Chip Coldiron, Democratic candidate for U.S. representative, speaks Thursday evening during Jay County Chamber of Commerce’s Meet the Candidates night at Jay County Event Center in Portland. Watching Coldiron are incumbent Republican J.D. Prescott and Democrat Julie Snider, both candidates for Indiana District 33 state representative. (The Commercial Review/Ray Cooney)
Chip Coldiron, Democratic candidate for U.S. representative, speaks Thursday evening during Jay County Chamber of Commerce’s Meet the Candidates night at Jay County Event Center in Portland. Watching Coldiron are incumbent Republican J.D. Prescott and Democrat Julie Snider, both candidates for Indiana District 33 state representative. (The Commercial Review/Ray Cooney)
Educational programs, infrastructure and health care were among the issues addressed by candidates in a forum Thursday night.

Fourteen candidates who appear on the ballot in Jay County took the opportunity to address a crowd of about 20 at the Meet the Candidates Night hosted by Jay County Chamber of Commerce at Jay County Event Center in Portland.

Each candidate addressed those in attendance, with audience members then able to ask questions one-on-one. The event featured the candidates in three contested races — Indiana House District 33, Jay School Board and Jay County Council (quotes from each council candidate appear on page 5) — as well as an appearance by District 3 Congressional candidate Chip Coldiron, a Democrat. Incumbent U.S. Rep. Jim Banks, a Republican, was not in attendance.

Neither of the Jay County Commissioner south district candidates — independent Bruce Counterman and Republican Brian McGalliard — attended the event.

Uncontested candidates who spoke Thursday were Gail Dues (Jay Superior Court Judge), Brad Daniels (Jay County surveyor), Rex Journay (Jay County Commissioner - north district) and Jon Eads (Jay County clerk).

J.D. Prescott, a Republican who is finishing his first term as District 33 state representative, noted two of the key issues in the coming session are the budget, which is expected to be tight because of the economic impact of the coronavirus pandemic, and redistricting.

“I’m going to continue with the same theme that I have been … I’m a Christian, conservative and a Republican,” he said. “I’m going to stick to my principles — pro-life, pro-gun …”

He added that one of the main things he’s pushed for is infrastructure improvement in the form of expanded broadband internet service. He said progress is being made but will take time, comparing the effort to the rural electrification of a century ago.

“It’s not going to happen overnight,” Prescott said. “So that’s something we’re going to continue to focus on and work towards in the next budget cycle.”

His Democratic challenger, Muncie Central High School government teacher Julie Snider, agreed that expanding rural broadband service is essential but said time is of the essence.

“If you think about what’s been happening with COVID, it definitely proves more than ever, that’s become a necessity,” she said, noting its importance for both working from home and education. “I understand that it takes time, but I’m not sure how much time we have.”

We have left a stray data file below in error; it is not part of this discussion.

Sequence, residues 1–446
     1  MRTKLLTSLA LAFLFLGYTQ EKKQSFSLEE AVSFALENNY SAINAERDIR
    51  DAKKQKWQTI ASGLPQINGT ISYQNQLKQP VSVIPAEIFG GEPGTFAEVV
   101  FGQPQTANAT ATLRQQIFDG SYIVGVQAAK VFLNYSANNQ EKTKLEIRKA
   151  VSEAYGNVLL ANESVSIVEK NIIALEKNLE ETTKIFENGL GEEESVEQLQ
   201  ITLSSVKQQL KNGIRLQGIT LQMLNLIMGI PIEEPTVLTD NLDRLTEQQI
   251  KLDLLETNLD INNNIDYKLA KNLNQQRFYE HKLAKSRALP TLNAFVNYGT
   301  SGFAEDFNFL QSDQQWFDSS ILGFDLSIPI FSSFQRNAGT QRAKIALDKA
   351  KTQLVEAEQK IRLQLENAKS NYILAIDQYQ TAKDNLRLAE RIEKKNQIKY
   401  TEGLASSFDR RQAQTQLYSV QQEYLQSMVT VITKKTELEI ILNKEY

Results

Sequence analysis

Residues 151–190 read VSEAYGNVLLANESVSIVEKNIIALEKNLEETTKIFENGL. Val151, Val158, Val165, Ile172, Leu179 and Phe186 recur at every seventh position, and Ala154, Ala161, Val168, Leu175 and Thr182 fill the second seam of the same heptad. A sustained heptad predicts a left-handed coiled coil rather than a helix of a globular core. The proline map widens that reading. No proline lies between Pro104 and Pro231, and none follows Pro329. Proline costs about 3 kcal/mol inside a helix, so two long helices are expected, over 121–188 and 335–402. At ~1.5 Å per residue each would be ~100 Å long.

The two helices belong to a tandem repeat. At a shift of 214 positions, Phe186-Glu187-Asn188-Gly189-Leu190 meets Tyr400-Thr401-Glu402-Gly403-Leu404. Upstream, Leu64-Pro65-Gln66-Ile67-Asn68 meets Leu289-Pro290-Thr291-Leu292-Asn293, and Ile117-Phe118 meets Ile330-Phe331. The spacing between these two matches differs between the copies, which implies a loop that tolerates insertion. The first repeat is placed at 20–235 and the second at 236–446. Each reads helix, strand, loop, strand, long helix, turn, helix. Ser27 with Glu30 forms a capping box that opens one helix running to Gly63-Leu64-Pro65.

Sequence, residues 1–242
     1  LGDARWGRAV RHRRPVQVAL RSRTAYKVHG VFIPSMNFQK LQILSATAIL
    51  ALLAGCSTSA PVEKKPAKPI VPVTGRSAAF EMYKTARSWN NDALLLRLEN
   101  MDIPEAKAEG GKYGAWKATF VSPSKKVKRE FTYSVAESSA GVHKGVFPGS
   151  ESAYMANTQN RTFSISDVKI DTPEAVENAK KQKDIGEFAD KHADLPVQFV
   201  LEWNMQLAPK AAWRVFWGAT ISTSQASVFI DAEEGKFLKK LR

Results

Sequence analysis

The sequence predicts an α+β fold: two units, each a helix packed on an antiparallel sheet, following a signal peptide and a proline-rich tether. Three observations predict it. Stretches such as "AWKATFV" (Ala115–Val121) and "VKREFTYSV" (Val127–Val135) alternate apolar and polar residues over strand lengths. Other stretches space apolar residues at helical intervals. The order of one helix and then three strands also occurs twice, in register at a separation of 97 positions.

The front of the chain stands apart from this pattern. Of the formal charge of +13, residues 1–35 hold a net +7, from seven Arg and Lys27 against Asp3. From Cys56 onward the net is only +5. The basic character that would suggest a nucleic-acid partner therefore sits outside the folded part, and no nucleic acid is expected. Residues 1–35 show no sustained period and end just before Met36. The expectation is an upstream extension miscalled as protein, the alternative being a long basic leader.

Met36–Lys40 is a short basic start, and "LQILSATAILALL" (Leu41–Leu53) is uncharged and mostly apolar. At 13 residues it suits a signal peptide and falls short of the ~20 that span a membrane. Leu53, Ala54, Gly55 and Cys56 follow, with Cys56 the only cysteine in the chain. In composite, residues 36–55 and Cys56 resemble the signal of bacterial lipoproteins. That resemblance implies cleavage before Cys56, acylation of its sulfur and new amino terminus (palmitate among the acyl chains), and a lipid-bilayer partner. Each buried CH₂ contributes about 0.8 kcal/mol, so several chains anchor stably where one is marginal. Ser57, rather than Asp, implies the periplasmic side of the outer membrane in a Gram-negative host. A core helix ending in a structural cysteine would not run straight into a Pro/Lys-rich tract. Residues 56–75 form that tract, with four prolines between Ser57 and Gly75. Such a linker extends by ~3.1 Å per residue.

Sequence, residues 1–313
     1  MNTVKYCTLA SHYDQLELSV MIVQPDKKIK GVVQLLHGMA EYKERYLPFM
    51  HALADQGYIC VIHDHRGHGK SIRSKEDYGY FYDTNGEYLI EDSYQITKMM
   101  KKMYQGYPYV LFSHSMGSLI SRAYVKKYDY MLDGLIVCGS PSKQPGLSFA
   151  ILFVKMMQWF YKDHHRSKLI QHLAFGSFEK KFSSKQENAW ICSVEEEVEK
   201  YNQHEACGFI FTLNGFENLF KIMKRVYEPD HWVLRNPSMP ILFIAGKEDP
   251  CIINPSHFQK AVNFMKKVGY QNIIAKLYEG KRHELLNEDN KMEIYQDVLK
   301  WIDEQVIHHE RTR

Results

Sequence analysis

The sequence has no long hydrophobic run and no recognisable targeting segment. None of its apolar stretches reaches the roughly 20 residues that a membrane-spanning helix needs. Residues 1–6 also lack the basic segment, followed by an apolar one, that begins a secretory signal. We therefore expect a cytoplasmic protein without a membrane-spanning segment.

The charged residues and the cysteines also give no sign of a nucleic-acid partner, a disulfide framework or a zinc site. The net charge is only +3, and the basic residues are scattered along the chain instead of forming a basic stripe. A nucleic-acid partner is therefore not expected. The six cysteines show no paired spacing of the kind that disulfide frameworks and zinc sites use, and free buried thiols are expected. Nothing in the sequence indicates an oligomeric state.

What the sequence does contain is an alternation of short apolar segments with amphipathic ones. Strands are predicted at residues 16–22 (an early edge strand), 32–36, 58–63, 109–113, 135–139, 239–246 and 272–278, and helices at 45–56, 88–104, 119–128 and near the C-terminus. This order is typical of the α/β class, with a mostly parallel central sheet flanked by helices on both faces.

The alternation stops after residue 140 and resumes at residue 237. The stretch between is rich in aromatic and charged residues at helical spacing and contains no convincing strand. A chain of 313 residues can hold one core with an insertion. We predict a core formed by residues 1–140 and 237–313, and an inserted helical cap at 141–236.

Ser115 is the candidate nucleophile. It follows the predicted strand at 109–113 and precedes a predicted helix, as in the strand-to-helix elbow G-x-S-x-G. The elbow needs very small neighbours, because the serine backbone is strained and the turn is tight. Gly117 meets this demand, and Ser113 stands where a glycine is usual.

Snider said she became interested in running for office after serving in the teachers’ union and lobbying at the statehouse. She noted education’s importance well beyond the classroom, including its impact on economic development and attracting residents to communities.

“I really got to see that the problems with education are not just restricted to education,” she said. “Education really is connected to everything else in your community.”

For school board, Ryan Wellman, a plant supervisor at Minnich Poultry and former Jay School Corporation computer technology support staffer, emphasized his goal of expanding education in the trades.

“I think the 529 (college savings) plan is great and I think college readiness programs are great, however, I think we could do a little bit more for the trade schools portion,” he said. “I think John Jay has some great programs there, but I’d like to focus on getting more students into that program.”

Wellman also indicated his desire to hire Jay County residents when jobs become available in the corporation.

Vickie Reitz, who is retired after a 40-plus-year career in special education and guidance, discussed her career in the education field. She said she’s proud of the work she did in helping to implement both the dual-credit program and career and technical education advances.

“I want to be part of Jay Schools because I’ve been in education for about 45 years,” she said. “I love it. I love working with the kids. I think we have a great school. I think we have an excellent administration and teachers. And I just want to continue with where I’ve helped them get.”

Coldiron, a teacher at Norwell High School who, like Banks, served in the military, emphasized the importance of healthcare, sharing that his son was born with a hole in his heart. That experience pushed him to want to improve healthcare in the United States, including by making sure pre-existing conditions remain covered and offering a Medicare buy-in option.

“I’m not going to stand up here and tell you the Affordable Care Act is perfect because I know there’s a lot of things that can be fixed on it,” he said. “That’s one of the things I want to do when I go to Congress. … My goal is for all of us to have insurance that’s affordable and we don’t have to worry about going bankrupt when we go to the doctor or we have to get put into the hospital.”

He was also critical of Banks on the issue of accessibility, saying that if he is elected, he will hold town hall events in the district at least once a month.

Election Day is Nov. 3, with early voting already underway from 8:30 a.m. to noon and 1 to 4:30 p.m. weekdays in the voting room at Jay County Courthouse.